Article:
News / Asia

    Kyrgyzstan Forms New Coalition Government

    Almazbek Atambayev, leader of the Social Democratic Party of Kyrgyzstan, and the proposed new prime minister (FILE).
    Almazbek Atambayev, leader of the Social Democratic Party of Kyrgyzstan, and the proposed new prime minister (FILE).

    Three political parties in Kyrgyzstan have formed a ruling coalition, ending weeks of political uncertainty following October's parliamentary elections.

    Social Democrat Party leader Almazbek Atambayev said Tuesday his party has joined forces with the Ata-Meken and Respublika parties. Atambayev says he will become Kyrgyzstan's new prime minister.

    Also Tuesday, an explosion in the Kyrgyz capital wounded two people outside the site of a court hearing for the country's deposed leader and other former officials. Authorities say the blast in Bishkek wounded two police officers outside the sports stadium where the hearing is being held.

    Security officials said the attack likely was meant to intimidate people in the Central Asian Nation, where political tensions are high. The violence comes days ahead of a planned visit by U.S. Secretary of State Hillary Clinton.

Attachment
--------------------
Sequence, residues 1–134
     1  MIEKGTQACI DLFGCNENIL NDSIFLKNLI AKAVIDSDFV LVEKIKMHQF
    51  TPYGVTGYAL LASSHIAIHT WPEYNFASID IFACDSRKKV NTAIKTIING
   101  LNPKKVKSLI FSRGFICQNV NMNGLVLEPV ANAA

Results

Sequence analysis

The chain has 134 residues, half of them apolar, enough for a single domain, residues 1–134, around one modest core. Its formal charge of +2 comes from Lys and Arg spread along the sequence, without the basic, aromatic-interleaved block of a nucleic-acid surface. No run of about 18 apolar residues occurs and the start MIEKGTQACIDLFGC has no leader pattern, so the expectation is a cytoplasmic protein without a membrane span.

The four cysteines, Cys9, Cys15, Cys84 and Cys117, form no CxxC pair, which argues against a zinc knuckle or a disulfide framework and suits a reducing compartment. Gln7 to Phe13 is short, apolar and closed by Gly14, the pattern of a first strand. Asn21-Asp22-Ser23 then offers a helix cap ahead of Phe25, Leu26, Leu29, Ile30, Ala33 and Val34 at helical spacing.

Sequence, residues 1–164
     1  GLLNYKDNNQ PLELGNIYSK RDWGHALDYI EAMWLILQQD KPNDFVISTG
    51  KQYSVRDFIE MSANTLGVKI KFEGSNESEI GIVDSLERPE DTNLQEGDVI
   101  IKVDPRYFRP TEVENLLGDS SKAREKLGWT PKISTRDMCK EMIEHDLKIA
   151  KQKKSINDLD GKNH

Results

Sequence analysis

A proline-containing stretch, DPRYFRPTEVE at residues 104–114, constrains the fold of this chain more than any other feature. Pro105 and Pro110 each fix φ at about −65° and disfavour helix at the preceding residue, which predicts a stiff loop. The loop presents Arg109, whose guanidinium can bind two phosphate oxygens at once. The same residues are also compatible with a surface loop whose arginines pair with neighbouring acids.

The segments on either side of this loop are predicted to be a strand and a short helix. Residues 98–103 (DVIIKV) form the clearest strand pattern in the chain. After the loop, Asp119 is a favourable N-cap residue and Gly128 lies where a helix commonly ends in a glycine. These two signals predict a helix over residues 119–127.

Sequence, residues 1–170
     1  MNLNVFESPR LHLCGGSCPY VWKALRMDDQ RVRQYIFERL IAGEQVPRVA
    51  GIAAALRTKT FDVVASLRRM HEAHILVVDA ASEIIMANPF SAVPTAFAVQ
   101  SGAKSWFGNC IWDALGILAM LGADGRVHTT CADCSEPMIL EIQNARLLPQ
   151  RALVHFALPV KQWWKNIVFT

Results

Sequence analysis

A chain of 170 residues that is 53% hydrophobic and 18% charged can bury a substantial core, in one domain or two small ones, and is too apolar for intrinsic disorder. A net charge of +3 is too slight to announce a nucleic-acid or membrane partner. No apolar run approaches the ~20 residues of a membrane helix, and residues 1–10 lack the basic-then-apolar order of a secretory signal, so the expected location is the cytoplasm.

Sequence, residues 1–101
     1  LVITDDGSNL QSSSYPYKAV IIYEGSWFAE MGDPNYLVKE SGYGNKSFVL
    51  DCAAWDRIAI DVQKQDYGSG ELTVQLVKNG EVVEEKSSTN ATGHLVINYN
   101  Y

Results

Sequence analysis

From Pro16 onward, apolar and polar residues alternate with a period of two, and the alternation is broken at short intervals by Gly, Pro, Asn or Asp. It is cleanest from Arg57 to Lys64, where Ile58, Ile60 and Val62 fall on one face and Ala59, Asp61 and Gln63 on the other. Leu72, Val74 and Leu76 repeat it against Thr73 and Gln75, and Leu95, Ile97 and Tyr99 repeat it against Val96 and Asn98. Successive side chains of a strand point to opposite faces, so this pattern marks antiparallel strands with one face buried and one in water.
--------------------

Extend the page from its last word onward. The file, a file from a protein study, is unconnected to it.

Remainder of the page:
The formation of a new government is a turning point for the country that has been aggravated by political violence and a troubled south.

    The new parliament will take on powers that were stripped from the presidency in a June referendum.
    Five parties won parliamentary seats in the country's first democratic election. The Ata Zhurt party won the most seats in the 120-member national assembly, but failed to win a majority.

    Ata Zhurt did not join the coalition because several of its members were closely linked to former President Kurmanbek Bakiyev, who was overthrown in April in violent street protests. He lives in exile in Belarus.

    A Kyrgyz court is hearing a case against Bakiyev and other former officials. They are accused of using violence against protesters in the deadly April uprisings that brought down the government.

    Kyrgyzstan also is still reeling from several days of riots in June between ethnic Kyrgyz and minority Uzbeks that killed hundreds of people and displaced 400,000 others in the country's south.

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